Apnea Patients Should Keep an Eye Out for Glaucoma

JULY 25, 2016
Amy Jacob
Successfully measuring the eye pressure of people with obstructive sleep apnea (OSA) indicated to scientists for the first time a relationship between sleep apnea and glaucoma.
 
Specifically, research from Hokkaido University showed that OSA patients were nearly 10 times more likely than non-OSA patients to suffer from glaucoma – optic nerve disease triggered from increased eye pressure.
 
To effectively measure eye pressure in sleeping subjects, the research team used a special sensor similar to a contact lens to assess the pressure changes when OSA patients’ breathing stopped during sleep.
 
Typically, intrathoracic pressure rises if people stop breathing/exhaling, leading to higher eye pressure.
 
However, during their research, the team unexpectedly found that the eye pressure dropped when study participants stopped breathing. These patients also were likely to stop inhaling, not exhaling, as a result of closed airways, triggering lower intrathoracic pressure.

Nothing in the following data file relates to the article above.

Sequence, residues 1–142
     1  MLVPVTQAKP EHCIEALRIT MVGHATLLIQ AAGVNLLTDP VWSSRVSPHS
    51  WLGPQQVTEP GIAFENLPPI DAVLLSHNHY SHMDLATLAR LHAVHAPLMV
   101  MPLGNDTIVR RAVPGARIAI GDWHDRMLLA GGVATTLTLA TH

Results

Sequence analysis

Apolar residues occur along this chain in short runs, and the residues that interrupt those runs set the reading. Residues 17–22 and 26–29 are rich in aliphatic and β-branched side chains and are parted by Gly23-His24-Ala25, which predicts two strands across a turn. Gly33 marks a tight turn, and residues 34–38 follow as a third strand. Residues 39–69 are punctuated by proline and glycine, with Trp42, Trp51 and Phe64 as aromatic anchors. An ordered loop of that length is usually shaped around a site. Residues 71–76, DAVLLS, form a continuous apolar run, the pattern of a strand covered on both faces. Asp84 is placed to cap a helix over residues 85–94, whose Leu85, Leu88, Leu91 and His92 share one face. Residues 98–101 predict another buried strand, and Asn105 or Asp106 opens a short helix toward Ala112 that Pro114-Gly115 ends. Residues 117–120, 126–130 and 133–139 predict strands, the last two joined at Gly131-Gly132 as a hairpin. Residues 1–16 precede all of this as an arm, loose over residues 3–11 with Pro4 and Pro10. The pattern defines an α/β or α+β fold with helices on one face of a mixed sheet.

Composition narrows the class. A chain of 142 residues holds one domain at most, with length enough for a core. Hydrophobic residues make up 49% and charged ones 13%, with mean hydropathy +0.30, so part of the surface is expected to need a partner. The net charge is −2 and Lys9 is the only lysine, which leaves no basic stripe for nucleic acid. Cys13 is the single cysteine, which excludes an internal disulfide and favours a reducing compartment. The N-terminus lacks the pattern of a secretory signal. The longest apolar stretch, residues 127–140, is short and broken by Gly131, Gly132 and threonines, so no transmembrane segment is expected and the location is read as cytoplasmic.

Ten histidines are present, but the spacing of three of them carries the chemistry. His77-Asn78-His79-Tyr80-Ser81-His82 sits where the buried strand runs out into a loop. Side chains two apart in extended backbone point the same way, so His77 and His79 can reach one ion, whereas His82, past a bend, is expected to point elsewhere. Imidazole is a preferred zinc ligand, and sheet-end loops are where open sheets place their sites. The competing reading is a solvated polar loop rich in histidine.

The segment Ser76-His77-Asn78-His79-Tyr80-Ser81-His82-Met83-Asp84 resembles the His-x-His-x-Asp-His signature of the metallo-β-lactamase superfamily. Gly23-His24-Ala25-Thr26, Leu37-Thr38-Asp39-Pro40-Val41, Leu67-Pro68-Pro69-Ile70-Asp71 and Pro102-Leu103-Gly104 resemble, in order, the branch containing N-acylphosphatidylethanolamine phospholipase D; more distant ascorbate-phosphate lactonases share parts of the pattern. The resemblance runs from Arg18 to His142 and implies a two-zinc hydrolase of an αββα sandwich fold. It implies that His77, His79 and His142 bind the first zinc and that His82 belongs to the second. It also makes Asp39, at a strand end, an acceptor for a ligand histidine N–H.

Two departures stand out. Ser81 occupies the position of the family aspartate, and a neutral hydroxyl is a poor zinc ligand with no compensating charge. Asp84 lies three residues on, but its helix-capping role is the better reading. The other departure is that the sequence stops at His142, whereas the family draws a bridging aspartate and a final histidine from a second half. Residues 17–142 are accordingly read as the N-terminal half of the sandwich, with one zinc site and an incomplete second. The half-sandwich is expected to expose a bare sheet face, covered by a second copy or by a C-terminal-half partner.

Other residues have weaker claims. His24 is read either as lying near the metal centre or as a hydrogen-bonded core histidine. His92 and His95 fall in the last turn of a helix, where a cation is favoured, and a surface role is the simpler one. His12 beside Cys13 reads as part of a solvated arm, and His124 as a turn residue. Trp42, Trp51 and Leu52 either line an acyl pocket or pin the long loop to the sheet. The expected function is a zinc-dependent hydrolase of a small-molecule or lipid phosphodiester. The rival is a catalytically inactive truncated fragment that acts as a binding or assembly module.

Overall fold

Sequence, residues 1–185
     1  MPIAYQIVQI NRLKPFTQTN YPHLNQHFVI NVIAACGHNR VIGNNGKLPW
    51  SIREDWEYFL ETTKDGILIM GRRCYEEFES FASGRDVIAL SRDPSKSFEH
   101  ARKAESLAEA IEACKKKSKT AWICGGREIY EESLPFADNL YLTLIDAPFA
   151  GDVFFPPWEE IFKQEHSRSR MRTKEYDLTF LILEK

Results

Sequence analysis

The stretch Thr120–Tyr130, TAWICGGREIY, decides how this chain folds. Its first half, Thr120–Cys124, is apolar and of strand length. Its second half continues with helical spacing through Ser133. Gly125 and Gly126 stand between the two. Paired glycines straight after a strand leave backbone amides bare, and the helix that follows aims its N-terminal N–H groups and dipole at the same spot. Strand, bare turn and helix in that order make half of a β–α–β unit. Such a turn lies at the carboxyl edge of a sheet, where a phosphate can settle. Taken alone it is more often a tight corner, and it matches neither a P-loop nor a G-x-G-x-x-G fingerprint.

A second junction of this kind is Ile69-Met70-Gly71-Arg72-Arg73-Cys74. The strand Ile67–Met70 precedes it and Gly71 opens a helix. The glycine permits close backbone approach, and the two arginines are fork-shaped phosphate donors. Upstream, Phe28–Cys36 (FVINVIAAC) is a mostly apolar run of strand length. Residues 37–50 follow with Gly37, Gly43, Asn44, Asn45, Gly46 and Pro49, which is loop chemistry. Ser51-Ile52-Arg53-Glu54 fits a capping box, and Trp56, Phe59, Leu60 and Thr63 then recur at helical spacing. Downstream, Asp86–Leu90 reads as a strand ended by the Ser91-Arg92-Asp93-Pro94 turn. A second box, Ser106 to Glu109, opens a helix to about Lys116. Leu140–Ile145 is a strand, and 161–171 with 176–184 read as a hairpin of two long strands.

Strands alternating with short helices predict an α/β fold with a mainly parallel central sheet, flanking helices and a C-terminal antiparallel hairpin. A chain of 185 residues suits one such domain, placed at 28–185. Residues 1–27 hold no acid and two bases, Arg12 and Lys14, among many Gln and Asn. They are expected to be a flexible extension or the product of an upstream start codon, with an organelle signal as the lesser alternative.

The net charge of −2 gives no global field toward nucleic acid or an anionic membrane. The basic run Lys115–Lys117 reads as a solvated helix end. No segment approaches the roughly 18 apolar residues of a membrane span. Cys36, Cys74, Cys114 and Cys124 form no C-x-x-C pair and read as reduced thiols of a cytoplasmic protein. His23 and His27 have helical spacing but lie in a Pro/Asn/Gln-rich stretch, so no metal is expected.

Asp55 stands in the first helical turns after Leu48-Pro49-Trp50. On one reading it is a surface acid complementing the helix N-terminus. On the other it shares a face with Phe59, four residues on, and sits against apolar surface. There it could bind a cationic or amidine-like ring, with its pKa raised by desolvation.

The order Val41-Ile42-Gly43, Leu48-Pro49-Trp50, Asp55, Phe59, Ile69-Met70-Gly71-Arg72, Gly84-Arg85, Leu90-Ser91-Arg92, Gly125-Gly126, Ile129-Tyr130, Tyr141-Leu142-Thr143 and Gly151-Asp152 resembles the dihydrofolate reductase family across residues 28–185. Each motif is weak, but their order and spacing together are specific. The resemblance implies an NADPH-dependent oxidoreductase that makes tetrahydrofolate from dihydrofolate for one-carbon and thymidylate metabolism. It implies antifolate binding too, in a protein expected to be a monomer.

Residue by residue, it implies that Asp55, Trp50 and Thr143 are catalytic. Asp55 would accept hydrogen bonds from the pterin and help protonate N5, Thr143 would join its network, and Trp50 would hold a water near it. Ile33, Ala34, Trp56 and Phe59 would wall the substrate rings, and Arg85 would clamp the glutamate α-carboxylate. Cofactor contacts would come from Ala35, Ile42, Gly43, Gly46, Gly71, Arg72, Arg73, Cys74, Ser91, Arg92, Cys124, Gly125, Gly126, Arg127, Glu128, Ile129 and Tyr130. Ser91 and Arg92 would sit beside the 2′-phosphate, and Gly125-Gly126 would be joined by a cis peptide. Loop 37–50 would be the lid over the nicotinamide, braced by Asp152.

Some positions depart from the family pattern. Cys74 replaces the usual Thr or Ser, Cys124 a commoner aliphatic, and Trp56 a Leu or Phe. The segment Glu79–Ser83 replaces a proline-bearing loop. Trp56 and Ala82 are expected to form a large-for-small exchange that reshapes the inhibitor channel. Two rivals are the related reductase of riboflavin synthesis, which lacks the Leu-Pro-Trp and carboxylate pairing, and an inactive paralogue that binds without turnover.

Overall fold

Additionally, the team noted the patients exhibited hypoxic effects, potentially causing optic nerve damage leading to glaucoma.
 
The authors concluded that the optic nerve could be damaged as a result of hypoxia without an increase in eye pressure – information that can help dissect the symptoms experienced by glaucoma patients with normal eye pressure levels.
 
 


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